Pyrethrum, a botanically-derived contact insecticide made from flowers of certain chrysanthemums, contains pyrethrins, natural chemicals which alter nerve function in insects and other arthropods, resulting in paralysis and death. Many pyrethrum products include the synergist piperonyl butoxide. Insects may only be temporarily paralyzed (knocked-down), and pests may recover from temporary effects of exposure to pyrethrum unless piperonyl butoxide is added. Pyrethrins may persist in the application area for several days or more. Take care to keep pyrethrum applications away from streams and other surface water habitats since they are highly toxic to aquatic invertebrates.
These very common broad-spectrum insecticides are synthetic chemicals modeled after pyrethrins. Specific active ingredients used for lawn pest management include bifenthrin, gamma-cyhalothrin, lambda-cyhalothrin, permethrin, and zeta-cypermethrin. They kill insects and arthropods through the same mode of action as pyrethrum but have been designed to persist much longer in the environment, meaning that spray residues remain active for several weeks or more. Pyrethroids are not effective against soil-dwelling pests, such as white grubs, since they bind tightly to soil particles and do not move easily from the surface into the root zone. Take care to keep applications away from streams and other surface water habitats and prevent runoff from treated surfaces since pyrethroids are highly toxic to aquatic invertebrates.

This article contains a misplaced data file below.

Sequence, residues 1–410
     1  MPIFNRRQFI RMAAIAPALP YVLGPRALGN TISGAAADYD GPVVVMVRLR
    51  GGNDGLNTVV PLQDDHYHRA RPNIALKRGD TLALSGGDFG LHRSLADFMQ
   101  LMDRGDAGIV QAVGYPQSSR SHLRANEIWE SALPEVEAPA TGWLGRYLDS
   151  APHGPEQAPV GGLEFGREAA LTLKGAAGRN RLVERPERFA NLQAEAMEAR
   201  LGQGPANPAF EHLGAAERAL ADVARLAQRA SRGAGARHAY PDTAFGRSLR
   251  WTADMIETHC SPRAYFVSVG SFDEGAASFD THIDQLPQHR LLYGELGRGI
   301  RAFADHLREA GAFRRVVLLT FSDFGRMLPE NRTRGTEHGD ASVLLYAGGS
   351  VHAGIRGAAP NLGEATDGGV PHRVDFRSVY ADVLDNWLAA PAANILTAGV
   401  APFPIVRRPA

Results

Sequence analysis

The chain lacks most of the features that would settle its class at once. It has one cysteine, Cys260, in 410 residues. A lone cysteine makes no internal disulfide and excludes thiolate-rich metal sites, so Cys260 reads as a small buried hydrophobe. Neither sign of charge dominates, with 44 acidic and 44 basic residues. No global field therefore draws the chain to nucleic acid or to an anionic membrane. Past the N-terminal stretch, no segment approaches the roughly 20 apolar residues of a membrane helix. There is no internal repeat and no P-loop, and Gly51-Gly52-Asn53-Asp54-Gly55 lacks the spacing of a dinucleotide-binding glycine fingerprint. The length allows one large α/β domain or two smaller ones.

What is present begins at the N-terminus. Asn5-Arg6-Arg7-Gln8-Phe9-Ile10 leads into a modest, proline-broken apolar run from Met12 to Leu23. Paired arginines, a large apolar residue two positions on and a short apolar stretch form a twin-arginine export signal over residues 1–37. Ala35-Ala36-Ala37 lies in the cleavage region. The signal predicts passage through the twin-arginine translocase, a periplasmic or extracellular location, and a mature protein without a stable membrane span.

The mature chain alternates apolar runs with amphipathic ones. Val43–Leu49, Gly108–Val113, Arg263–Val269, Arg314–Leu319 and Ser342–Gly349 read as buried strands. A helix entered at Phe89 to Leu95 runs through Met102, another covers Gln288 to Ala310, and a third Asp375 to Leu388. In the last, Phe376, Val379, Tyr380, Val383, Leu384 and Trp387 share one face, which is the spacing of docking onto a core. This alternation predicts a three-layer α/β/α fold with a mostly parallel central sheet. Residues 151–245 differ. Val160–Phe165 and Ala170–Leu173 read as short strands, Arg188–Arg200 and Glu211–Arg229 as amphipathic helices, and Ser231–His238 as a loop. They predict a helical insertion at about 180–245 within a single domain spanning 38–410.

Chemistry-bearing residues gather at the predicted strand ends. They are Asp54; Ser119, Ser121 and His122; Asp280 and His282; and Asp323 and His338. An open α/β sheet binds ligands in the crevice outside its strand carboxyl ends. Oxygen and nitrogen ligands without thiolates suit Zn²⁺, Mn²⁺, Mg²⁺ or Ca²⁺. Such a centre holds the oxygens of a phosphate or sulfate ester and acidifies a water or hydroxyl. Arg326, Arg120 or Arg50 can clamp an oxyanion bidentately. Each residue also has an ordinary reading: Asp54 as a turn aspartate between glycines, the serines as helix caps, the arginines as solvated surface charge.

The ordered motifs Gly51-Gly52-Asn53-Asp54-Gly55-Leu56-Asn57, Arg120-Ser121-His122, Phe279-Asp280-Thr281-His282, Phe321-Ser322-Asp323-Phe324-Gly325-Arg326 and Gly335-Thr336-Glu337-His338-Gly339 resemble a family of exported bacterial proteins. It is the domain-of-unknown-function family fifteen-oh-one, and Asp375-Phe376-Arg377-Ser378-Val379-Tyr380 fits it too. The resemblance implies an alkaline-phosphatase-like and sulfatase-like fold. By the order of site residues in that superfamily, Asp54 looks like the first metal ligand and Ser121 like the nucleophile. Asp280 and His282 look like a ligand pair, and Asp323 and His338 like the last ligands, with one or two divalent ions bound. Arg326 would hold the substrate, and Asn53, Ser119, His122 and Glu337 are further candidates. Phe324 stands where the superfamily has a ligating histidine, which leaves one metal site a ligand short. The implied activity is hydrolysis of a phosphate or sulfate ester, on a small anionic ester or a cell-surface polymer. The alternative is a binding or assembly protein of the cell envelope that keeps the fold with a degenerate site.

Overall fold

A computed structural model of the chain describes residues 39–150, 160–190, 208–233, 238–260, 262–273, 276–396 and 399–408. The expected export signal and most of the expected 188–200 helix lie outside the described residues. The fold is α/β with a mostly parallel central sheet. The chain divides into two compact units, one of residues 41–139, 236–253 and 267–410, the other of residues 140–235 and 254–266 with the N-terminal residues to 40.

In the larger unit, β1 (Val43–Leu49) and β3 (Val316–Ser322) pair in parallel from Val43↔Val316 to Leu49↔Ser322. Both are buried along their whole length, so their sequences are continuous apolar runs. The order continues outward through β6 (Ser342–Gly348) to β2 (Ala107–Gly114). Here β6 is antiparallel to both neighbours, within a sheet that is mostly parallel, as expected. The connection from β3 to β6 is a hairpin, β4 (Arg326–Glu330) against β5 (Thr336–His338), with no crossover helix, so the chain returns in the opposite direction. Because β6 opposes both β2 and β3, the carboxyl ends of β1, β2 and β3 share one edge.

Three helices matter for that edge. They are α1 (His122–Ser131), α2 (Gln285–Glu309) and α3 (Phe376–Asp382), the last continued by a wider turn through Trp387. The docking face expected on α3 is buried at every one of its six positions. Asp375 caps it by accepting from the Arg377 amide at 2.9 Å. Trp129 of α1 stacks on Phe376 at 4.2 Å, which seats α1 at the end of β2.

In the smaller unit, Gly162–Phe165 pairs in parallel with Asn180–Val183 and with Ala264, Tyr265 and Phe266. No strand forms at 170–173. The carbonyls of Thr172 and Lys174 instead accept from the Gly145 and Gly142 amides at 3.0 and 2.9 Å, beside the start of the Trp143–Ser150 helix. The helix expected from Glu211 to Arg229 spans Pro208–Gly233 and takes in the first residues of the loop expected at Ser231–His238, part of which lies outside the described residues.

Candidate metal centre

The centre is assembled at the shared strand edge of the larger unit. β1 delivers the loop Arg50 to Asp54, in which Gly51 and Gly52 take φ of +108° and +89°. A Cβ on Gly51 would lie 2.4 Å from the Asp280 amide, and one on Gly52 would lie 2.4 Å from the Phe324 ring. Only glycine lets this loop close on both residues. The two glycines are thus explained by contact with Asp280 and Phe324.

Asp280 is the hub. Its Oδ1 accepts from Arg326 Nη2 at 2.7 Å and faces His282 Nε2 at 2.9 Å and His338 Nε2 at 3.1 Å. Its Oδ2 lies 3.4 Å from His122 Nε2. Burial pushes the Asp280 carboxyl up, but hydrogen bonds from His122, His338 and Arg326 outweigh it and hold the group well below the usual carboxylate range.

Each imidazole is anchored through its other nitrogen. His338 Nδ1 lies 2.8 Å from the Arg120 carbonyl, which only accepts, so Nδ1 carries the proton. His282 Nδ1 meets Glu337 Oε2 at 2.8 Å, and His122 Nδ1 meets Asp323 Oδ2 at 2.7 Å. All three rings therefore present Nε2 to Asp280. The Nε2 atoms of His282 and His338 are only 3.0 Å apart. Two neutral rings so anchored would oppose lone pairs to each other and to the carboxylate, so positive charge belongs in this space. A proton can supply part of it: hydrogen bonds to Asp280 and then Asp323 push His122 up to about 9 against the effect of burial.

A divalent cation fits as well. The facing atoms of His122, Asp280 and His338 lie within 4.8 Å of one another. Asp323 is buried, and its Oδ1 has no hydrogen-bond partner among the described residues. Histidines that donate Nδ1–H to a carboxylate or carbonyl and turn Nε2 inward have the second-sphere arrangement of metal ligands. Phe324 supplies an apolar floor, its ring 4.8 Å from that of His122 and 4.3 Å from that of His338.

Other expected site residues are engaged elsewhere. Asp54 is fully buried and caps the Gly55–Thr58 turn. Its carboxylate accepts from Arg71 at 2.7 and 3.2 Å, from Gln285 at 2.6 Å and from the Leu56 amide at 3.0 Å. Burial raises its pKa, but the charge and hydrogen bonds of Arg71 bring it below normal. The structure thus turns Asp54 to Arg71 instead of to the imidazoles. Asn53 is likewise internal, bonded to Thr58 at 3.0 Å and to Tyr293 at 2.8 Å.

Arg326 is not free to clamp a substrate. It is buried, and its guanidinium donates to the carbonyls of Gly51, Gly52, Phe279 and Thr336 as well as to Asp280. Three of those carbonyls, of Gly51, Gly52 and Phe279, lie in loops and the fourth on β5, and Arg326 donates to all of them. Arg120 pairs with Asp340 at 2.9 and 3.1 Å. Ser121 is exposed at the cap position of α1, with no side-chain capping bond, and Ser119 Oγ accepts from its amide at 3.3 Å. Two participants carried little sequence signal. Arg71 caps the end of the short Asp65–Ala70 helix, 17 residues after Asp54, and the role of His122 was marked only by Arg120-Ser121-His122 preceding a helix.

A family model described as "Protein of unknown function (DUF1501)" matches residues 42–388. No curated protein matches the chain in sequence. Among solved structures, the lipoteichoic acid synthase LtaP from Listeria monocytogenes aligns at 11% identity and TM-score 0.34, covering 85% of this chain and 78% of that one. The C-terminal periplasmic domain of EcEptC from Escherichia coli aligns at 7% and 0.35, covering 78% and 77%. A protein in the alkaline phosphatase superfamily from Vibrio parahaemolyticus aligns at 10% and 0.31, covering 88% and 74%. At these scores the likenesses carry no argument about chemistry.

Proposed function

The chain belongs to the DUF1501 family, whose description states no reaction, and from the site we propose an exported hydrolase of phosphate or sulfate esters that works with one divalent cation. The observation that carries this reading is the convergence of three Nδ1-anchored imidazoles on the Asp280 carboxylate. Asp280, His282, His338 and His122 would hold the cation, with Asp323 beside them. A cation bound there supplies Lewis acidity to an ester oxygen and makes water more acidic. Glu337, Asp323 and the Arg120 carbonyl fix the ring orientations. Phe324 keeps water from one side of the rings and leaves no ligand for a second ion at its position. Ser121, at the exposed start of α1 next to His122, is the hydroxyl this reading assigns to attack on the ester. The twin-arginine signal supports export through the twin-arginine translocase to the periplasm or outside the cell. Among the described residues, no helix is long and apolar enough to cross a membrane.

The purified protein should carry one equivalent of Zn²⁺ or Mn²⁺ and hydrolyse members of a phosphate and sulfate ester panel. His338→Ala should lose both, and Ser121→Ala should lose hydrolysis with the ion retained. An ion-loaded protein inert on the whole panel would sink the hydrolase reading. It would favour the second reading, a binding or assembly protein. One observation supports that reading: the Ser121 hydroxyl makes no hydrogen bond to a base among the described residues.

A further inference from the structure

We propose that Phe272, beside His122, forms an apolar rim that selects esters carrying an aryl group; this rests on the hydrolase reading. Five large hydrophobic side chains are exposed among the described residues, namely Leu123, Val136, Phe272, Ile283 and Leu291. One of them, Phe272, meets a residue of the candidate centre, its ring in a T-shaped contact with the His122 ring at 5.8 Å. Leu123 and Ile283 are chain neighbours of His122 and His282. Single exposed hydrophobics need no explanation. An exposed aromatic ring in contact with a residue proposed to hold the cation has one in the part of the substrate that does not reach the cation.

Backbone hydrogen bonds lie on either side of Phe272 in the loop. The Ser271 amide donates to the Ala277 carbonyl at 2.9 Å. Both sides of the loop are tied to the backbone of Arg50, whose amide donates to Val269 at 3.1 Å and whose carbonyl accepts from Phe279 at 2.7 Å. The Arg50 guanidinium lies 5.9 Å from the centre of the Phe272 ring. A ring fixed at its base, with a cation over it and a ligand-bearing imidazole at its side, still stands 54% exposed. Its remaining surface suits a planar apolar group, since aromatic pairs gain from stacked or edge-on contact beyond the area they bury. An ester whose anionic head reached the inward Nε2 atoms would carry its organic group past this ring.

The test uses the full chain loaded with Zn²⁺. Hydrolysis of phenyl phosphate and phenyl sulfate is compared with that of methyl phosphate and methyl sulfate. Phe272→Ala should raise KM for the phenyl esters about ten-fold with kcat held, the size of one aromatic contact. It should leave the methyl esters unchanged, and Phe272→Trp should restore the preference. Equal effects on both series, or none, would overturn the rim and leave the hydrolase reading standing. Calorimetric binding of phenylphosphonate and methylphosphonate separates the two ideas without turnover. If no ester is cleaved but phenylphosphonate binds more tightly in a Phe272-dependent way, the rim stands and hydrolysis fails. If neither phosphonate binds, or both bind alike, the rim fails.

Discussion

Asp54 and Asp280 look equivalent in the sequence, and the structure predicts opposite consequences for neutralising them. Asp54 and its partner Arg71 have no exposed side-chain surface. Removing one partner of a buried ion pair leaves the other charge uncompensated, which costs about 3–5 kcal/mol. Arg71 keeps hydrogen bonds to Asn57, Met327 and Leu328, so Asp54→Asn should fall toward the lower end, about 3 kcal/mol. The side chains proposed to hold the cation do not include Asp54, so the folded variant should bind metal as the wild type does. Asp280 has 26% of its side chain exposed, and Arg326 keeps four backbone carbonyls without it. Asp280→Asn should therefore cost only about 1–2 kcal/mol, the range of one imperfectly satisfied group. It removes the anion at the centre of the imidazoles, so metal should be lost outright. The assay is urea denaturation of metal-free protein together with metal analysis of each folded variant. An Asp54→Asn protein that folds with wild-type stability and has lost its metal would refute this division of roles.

Spinosad is a naturally-based insecticide derived from soil microorganisms. It is effective against lawn caterpillar pests but does not control grubs or other beetles. Although considered organic in most cases, it is broad-spectrum in activity and can have negative impacts on bees and some beneficial insects for several days after application.
*As of August 1, 2020, pesticides containing the active ingredient carbaryl are restricted use materials in California. A valid pesticide applicator’s license is required for their possession and use. For more information see the California Department of Pesticide Regulation website.
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Pest Notes: Lawn Insects
Authors: A. M. Sutherland, UC Statewide IPM Program, SF Bay Area; M. A. Harivandi, Emeritus, UC Cooperative Extension, Alameda Co.; S. H. Dreistadt, UC Statewide IPM Program, UC Davis.
Produced by University of California Statewide IPM Program